Published on in Children's Doctor
Contributed by Elana Mitchel, MD, MSCE
Our lives have been greatly impacted by the novel COVID-19 pandemic, most notably, how we interact with others. We have found ourselves avoiding large gatherings and minimizing in-person interactions, relying on Facetime and Zoom for get-togethers. This has translated to patient care, moving visits to telemedicine to minimize risk to patients, their families, and healthcare providers.
Our GI Fellows’ clinic is high-volume, and fellows are encouraged to take ownership over their patients. In the traditional clinic model, the fellow meets with the patient and their family, the fellow then leaves the room to precept with the attending, and then the fellow and attending rejoin the family to make recommendations. During clinic sessions, fellows lead conversations and develop rapport with their patients, have lively discussions with the attending while devising a plan, and learn from the attending’s physical exam and bedside manner skills.
The transition of non-urgent clinic visits to telemedicine in the spring of 2020 posed significant challenges to this model. From the fellow’s perspective, adjusting to a new workflow, developing rapport with patients and performing physical exam over a screen, asserting autonomy in patient care, and promoting teaching from attendings was daunting.
In the initial phase of telemedicine, the attending and fellow would complete the visit together. A new model developed in which the attending and fellow would “huddle” before clinic to review patients for the day. The fellow and attending would join the visit together while the fellow would take the lead and provide a plan, with support from the attending. During visits where more discussion was needed, the visit could be paused and the fellow and attending could convene “off-line.” After clinic, many attendings would provide feedback to fellows by email or phone, reflecting on what went well and note areas for improvement.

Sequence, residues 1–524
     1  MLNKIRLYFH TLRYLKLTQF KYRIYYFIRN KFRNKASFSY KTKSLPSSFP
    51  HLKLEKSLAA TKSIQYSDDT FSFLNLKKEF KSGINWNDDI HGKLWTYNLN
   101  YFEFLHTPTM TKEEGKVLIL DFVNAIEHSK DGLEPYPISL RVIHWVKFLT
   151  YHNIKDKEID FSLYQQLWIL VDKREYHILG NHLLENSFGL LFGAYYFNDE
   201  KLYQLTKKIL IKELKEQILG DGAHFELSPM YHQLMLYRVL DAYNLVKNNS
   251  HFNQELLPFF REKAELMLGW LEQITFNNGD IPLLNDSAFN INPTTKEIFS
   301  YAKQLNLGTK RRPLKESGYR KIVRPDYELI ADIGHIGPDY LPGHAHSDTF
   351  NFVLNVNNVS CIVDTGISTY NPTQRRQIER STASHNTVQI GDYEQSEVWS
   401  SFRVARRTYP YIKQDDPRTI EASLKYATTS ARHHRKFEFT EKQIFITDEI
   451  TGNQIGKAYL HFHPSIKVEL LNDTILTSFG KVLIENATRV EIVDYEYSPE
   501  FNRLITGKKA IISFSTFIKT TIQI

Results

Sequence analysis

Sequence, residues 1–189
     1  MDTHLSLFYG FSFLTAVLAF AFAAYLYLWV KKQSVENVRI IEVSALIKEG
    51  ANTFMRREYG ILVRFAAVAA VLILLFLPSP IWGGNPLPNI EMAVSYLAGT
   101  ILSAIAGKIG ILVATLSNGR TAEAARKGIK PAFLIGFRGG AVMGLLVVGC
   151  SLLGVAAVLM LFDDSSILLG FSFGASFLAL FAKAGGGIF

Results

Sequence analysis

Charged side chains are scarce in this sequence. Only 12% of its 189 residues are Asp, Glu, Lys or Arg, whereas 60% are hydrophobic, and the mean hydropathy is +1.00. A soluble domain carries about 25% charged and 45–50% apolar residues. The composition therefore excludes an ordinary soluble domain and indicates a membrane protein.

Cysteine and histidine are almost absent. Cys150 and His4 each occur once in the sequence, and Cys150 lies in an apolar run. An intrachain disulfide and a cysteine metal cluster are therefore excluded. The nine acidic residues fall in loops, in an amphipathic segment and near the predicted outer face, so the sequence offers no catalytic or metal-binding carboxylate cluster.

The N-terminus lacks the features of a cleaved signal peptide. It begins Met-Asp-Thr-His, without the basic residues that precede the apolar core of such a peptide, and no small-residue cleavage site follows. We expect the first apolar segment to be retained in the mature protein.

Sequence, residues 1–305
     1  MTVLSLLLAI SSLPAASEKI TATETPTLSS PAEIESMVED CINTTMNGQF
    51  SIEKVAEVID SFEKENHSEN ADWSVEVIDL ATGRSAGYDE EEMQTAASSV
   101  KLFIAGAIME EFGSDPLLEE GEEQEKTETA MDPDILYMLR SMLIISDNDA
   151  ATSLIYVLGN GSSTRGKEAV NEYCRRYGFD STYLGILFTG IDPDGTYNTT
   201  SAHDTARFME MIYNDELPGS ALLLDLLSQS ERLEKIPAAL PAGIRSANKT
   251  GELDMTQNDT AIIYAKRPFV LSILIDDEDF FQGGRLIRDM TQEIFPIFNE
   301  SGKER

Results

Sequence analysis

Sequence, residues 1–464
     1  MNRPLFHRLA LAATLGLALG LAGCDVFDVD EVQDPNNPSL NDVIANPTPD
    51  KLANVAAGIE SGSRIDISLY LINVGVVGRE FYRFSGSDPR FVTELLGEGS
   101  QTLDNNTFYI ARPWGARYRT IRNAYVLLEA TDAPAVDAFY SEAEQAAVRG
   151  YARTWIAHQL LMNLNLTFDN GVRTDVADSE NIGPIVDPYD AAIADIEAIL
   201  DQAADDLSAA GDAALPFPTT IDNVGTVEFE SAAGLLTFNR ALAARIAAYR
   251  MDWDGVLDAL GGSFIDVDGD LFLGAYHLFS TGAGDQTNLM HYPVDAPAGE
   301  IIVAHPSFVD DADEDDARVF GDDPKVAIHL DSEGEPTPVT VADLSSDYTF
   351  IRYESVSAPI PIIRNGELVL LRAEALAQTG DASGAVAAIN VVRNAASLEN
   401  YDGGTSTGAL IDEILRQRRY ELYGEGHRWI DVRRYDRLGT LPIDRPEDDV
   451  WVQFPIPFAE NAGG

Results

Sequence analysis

This new model offered surprising yet striking advantages from the fellow’s perspective. Fellows felt it was more efficient, enjoyed direct observation and feedback from attendings, and learned a great deal by creating patient plans on the spot. However, the challenges were also apparent with less independence, difficulty connecting with patients and their families over a screen, missed teaching opportunities from attendings, and frustrating technology issues with frequent interruptions.
As we have transitioned back to more in-person visits, we have adjusted our telemedicine model to resemble our old fellows’ clinic model. We are happiest when seeing our patients and having face-to-face interactions. However, even as we return to in-person and telemedicine visits with a more familiar model, we must acknowledge that telemedicine has pushed us to develop and nurture our patience, creativity, communication, and collaborative skills. It has made us more comfortable with our clinical intuition. We have seen the benefits of direct observation and feedback from our attendings, and strive to continue to foster this. It will take effort to continue to emphasize fellow education through these unique and difficult times, but if we look to our positive experiences and focus on improving patient care, we can be successful.